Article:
After being in Northern India just over a week I realized a little secret about traveling (in India) that no one had thought to reveal; traveling is slow, cumbersome and often requires massive amounts of patience. I wanted to see it all but I quickly learned I had to make decisions about my route and not look back, this was not an easy task. Not going to Varanasi, one of the holiest places in India where Hindus go to either cleans their spirit in the Ganga (Gaaan-ga aka The Ganges River) or to cremate their family members, was one of those decisions. While Varanasi sounded like an incredible sight to see and a 17-hour train ride sounded even more delightful I decided instead to take the beginner route of holiness and head to the start of the cleaner, less rambunctious end of the Ganga. On route to Rishikesh I made a stop over in Hardiwar, where the Ganga starts and flows from the Himalayas to check out the scene in their holy Ghats. And truckers don’t be fooled…Hardiwar is up there on the list of really holy places, all of the same rituals are preformed in the Ganga which are preformed in the Ganga at Varanasi.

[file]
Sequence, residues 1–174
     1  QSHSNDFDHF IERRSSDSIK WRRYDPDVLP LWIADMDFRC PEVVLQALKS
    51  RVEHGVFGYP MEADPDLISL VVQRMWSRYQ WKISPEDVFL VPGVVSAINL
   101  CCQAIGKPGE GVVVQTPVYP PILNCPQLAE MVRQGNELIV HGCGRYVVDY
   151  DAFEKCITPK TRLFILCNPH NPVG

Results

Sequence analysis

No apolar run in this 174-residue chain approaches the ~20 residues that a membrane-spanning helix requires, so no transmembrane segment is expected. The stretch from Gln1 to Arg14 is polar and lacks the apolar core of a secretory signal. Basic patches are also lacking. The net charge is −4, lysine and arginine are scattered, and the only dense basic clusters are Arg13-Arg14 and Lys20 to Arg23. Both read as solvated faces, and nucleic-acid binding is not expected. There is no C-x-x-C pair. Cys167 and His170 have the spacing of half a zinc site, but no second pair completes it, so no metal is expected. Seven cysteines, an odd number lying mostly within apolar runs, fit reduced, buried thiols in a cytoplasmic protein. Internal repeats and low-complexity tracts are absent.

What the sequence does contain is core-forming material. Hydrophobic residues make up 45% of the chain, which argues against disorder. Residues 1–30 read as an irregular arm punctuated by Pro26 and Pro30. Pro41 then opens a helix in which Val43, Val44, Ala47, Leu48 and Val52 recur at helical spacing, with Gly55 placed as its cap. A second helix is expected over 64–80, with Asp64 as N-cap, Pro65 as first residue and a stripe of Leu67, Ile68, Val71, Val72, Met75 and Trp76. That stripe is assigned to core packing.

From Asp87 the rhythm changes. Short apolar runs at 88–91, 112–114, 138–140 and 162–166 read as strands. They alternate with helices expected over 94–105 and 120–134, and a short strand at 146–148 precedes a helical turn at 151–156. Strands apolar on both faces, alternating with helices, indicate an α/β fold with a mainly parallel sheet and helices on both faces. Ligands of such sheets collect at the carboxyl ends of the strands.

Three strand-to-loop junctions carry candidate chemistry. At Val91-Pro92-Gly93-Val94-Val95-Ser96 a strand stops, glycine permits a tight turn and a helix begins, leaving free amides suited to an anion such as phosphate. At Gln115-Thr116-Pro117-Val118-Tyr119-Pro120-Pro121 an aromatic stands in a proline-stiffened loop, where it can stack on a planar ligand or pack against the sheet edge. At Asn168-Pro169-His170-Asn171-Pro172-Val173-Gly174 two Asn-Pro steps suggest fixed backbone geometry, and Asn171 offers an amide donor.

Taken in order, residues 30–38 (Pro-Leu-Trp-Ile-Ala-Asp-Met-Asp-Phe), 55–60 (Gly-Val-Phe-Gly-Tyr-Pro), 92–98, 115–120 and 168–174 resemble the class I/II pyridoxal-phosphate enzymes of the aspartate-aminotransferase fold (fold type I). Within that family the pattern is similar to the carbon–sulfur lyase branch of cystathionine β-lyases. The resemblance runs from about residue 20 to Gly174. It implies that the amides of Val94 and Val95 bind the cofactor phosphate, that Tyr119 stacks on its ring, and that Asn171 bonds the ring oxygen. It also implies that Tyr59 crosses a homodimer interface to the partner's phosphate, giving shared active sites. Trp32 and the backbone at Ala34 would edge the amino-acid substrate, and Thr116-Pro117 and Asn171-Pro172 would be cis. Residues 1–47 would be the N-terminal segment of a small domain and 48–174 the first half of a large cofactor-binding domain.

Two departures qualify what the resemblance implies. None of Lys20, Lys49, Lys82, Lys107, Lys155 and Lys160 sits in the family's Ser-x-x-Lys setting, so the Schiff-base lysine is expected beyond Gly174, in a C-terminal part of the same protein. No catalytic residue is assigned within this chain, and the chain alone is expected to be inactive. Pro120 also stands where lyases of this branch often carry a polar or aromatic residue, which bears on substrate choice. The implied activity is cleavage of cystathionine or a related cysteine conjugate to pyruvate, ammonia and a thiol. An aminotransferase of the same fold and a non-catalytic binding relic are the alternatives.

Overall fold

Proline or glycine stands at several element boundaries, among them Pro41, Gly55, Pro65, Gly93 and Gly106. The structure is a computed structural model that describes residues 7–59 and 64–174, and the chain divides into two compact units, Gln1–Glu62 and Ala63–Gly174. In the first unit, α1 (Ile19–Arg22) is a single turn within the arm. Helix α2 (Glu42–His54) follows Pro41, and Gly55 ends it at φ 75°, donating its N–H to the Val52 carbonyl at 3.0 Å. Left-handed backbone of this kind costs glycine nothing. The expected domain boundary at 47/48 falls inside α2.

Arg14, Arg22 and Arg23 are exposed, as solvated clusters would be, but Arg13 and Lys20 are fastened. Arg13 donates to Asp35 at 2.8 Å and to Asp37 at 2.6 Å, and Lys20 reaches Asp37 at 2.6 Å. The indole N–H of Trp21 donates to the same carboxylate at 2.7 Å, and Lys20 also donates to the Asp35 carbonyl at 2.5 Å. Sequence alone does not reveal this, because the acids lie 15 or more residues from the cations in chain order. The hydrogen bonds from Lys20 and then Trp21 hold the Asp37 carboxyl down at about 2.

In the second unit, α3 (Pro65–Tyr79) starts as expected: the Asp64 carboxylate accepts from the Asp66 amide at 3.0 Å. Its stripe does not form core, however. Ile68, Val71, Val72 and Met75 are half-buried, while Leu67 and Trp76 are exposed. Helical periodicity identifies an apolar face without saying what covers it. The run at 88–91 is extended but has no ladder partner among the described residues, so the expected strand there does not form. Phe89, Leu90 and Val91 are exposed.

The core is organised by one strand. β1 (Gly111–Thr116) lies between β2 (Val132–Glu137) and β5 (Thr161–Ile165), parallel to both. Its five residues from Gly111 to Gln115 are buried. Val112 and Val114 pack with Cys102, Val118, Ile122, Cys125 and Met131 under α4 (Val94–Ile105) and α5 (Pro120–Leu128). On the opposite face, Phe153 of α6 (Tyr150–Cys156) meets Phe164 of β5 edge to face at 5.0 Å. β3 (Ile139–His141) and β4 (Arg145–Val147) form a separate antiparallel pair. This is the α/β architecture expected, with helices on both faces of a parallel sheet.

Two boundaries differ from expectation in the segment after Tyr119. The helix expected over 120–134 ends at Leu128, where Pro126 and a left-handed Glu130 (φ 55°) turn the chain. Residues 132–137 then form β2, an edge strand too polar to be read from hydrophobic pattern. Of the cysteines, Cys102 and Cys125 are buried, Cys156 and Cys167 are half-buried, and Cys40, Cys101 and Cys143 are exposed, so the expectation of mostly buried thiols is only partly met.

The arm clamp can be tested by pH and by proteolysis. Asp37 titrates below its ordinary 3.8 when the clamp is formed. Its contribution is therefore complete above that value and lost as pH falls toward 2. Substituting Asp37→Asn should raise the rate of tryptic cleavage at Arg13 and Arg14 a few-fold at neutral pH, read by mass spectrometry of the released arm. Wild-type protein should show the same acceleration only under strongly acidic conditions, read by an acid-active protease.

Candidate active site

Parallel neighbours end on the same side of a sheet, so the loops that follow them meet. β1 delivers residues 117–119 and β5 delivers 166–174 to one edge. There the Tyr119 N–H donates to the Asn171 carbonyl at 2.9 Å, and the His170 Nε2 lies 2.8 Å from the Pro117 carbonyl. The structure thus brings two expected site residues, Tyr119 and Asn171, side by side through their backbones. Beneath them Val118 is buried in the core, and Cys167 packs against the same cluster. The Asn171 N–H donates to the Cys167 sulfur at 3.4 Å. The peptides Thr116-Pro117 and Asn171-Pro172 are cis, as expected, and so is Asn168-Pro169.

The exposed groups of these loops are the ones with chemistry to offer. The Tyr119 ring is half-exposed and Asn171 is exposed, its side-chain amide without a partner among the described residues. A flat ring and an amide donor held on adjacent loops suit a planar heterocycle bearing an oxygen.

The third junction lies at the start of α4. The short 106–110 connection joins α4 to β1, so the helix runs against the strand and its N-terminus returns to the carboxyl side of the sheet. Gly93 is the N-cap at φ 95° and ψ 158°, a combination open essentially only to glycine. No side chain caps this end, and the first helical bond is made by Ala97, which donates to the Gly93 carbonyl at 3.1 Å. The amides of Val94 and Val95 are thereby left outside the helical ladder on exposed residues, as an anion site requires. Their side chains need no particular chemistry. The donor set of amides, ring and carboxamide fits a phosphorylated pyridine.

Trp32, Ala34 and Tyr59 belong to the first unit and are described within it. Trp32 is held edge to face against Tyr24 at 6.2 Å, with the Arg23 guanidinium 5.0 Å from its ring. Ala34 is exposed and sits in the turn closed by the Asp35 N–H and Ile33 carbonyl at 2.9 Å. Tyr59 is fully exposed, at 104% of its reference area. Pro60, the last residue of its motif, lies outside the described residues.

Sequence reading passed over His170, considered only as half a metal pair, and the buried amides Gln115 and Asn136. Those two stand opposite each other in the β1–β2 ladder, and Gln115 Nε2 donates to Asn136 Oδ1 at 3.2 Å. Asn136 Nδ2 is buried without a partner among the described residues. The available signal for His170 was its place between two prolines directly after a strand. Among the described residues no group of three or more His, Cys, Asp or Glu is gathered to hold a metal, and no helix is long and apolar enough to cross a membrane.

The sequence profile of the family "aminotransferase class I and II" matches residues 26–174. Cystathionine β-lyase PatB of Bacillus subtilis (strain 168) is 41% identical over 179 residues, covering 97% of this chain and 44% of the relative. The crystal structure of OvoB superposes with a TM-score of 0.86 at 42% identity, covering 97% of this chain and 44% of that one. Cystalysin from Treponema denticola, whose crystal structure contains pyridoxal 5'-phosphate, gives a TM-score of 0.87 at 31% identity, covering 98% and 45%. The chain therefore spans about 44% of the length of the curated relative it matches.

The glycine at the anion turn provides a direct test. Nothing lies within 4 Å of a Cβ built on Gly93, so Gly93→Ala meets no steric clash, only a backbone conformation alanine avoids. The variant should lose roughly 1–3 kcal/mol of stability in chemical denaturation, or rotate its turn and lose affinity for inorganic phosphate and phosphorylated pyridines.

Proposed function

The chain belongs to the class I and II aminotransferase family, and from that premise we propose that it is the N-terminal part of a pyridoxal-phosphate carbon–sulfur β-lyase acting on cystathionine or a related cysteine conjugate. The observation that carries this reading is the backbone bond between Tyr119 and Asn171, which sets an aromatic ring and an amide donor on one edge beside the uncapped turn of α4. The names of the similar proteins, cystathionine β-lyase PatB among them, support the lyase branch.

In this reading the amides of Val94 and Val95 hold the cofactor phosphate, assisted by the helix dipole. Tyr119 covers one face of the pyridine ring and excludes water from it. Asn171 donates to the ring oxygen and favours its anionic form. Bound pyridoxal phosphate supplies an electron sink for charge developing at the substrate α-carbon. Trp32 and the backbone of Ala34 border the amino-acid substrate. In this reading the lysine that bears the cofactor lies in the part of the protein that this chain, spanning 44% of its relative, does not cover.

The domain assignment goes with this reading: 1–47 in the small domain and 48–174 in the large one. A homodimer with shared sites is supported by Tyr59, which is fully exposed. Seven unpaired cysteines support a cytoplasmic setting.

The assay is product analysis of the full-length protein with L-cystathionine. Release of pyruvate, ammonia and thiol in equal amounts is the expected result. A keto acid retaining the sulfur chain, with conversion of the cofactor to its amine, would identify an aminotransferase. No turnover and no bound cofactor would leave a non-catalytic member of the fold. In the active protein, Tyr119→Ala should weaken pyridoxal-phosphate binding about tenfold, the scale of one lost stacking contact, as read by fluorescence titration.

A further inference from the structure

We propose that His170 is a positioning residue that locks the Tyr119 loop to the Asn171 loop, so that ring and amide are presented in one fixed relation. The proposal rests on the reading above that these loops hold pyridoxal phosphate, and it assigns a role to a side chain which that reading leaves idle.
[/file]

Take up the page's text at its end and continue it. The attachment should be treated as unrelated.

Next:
First I visited the top of the mountain and the temple that overlooks the river before spending a few hours roaming around Hardiwar checking out the spiritual Ganga action. The act of people thrusting themselves into the rushing river and holding onto chains for support immediately engulfed me; I stopped for a while to just sit and watch. I observed a slightly younger woman as she helped her elder shamelessly undress and enter the water to let the water flow over her dark brown wrinkled and saggy body. There were several groups of men with shaved heads who sat in circles; they took blessings, said several prayers, lit torches and then entered into the cold rushing river. I observed a young couple as they posed for a picture while making a blessing by pouring a white liquid into the river. When I headed inland into the narrow streets just off the river I stumbled onto one of the most sacred rituals in the Hindu religion, which is when the family members cremate the bodies of the recently deceased. I didn’t actually see a body, but the fire was still burning and the remnants of the ceremony still lingered. To say I stood out like a sore thumb, while I tried to be discreet with my large camera, would be an understatement – I was shooed away from several groups and approached by every beggar for money, every child for a snap and every tout trying to get me to donate to the Ganga cause.After I had my fill of the burning bodies, the precarious dips in the Ganga and the ruthless beggars I headed a little further up the river. Dubbed the “Yoga Capital of the World” Rishikesh was put on the map many moons ago by The Beatles (they supposedly wrote most of the White Album at one of the first ashrams) and has since been turned into a village swarming with local sadhus, new age hippie mystics and people like me just trying to get in a few days in of the downward dog. Across the foot bridge, tucked away along the winding milky colored Ganga river, I found Swargashram (small village in Rishikesh) and realized the town was just my speed; I didn’t have an exit plan and I quickly settled into the seductive solidarity.I drank sweet chai and ate muesli with curd, fresh fruit and honey while sitting on the balcony overlooking the river. I hiked with new friends along the mountain ridges while passing through small homesteads stopping along the way to try and test the waters of meditation. I spent an afternoon photographing a large wedding cake tiered temple and laughing at the monkeys steeling the ice creams from bewildered passerby’s. I learned to netty (nose cleans) without completely drenching my shirt with authentic Himalayan rock salt. I took long yoga classes from a sadhu dressed from (shaved) head to toe in all orange while monkeys tried steal our shoes. I learned to take showers using the Indian bucket method. I talked for hours with new friends about our dreams, our lives and the future while basking in the sun. Mostly, I learned to adopt a French saying that my friend shared, something that would help me make my way through India “lâcher prise” – let it go.